Another factor that could impact gas prices this summer are geopolitical risks. That would include rising tensions between the U.S. and Iran that helped drive oil prices up more than 10% this month.

RBOB gasoline futures, representing the price of gasoline in New York Harbor, jumped 4.2% Wednesday, to $1.92 per gallon, partly on reports of the closing. Gasoline futures were also higher, as the U.S. gasoline supply declined by nearly 1 million barrels in the past week, while analysts expected a buildup of nearly 300,000 barrels in the past week.

The national average pump price for a gallon of unleaded gasoline was $2.68 per gallon Wednesday, 2 cents higher than on Friday, the day of the explosion, according to AAA. The average price in Pennsylvania, the biggest market for the PES refinery, rose 3 cents since Friday to $2.85 per gallon. Gasoline in New York and New Jersey were fractions of a penny lower, at $2.85 and 2.75, respectively.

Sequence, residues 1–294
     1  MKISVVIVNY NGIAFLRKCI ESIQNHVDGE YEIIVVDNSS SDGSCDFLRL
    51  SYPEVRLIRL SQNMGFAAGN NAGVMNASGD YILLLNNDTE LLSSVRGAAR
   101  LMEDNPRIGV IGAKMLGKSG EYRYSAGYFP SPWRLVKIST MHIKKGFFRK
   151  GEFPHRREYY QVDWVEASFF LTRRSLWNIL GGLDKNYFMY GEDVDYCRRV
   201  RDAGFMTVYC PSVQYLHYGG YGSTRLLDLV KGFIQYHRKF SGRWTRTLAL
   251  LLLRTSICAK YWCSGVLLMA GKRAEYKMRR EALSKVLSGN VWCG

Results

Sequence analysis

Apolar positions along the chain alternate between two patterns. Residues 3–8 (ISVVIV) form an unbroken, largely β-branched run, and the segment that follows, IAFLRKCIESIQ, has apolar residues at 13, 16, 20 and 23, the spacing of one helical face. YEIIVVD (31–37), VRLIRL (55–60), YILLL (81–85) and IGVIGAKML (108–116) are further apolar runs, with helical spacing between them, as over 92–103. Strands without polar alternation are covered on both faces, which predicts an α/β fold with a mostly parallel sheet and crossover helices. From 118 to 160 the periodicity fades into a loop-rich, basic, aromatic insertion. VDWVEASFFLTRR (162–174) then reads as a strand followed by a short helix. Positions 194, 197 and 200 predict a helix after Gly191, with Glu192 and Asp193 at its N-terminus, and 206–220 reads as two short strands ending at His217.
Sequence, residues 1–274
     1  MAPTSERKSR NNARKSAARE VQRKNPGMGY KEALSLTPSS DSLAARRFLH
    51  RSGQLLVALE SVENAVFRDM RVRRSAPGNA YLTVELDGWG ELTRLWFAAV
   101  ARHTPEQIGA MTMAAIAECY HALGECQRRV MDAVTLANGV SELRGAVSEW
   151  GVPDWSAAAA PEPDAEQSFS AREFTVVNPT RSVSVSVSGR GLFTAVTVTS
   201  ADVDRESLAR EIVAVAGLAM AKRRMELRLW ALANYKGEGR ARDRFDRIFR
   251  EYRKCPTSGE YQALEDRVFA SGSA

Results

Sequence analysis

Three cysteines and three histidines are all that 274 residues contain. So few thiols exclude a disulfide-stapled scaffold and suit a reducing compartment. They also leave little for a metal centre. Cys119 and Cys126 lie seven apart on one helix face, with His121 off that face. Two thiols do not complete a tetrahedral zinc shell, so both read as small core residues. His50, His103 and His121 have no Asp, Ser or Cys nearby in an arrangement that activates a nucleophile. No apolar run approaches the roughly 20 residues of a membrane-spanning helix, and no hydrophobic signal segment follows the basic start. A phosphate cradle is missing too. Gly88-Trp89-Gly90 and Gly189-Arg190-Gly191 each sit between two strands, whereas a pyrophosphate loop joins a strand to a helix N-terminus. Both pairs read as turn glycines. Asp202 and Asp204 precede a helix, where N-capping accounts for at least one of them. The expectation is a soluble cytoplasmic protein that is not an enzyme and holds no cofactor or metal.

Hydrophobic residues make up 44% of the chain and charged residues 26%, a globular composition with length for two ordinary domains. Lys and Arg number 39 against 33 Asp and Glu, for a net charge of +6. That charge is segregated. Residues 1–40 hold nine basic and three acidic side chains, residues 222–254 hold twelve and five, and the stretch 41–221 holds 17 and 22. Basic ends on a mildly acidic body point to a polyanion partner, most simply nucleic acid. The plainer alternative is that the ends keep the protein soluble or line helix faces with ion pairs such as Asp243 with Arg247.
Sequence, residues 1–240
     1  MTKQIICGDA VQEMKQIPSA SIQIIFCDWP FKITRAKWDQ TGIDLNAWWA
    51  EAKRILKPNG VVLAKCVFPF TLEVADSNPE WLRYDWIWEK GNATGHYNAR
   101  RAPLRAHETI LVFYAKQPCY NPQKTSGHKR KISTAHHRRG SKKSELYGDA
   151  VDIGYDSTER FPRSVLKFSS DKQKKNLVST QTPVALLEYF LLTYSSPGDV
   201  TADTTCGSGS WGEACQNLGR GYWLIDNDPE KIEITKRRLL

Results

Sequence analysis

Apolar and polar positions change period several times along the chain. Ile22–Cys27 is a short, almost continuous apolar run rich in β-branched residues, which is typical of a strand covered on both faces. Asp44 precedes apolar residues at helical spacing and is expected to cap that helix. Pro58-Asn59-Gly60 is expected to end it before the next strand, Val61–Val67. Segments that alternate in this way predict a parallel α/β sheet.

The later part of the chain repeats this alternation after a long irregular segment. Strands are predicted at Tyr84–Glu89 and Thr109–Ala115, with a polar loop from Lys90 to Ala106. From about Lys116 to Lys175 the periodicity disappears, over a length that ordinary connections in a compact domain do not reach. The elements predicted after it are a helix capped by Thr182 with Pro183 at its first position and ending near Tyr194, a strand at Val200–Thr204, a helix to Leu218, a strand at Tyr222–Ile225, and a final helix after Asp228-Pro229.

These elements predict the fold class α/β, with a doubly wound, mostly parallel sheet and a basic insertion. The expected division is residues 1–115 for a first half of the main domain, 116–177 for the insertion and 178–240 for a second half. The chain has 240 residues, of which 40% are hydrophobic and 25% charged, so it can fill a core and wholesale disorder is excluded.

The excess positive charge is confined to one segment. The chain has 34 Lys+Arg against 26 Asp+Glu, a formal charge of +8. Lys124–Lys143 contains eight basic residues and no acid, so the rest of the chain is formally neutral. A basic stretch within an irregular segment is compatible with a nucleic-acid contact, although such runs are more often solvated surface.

Even so, Tom Kloza, head of global energy analysis at Oil Price Information Service, said gasoline should not rise much more than 5 cents per gallon nationally and will probably not exceed the average price last year. A year ago, unleaded fuel averaged $2.84 per gallon. A month ago, gas prices were much higher than they are now, at $2.83 per gallon.

"I think this presents problems for July and August, but I think everything will be fine. There's enough gasoline that's headed up in the Colonial pipeline, and there's enough stuff coming from Europe. The next couple of days are going to be hit or miss. I think we're going to see gasoline trading up at a modest pace," Kloza said.

Stocks of rival refining companies rose; Valero was up 4%, while PBF, which has two refineries in the Philadelphia area, gained 5.2%. Phillips 66, owner of a refinery in Linden, New Jersey, was up 1.4%.

"We're restarting the Baytown refinery that Exxon Mobil has, and we have more refining capacity that's coming up on the Gulf Coast. ... It's a feverish spike here for [the futures market] but pretty much every where else prices are lower than they were last year," said Kloza. "We'll probably wobble a bit higher. The world has plenty of gasoline and the world will react."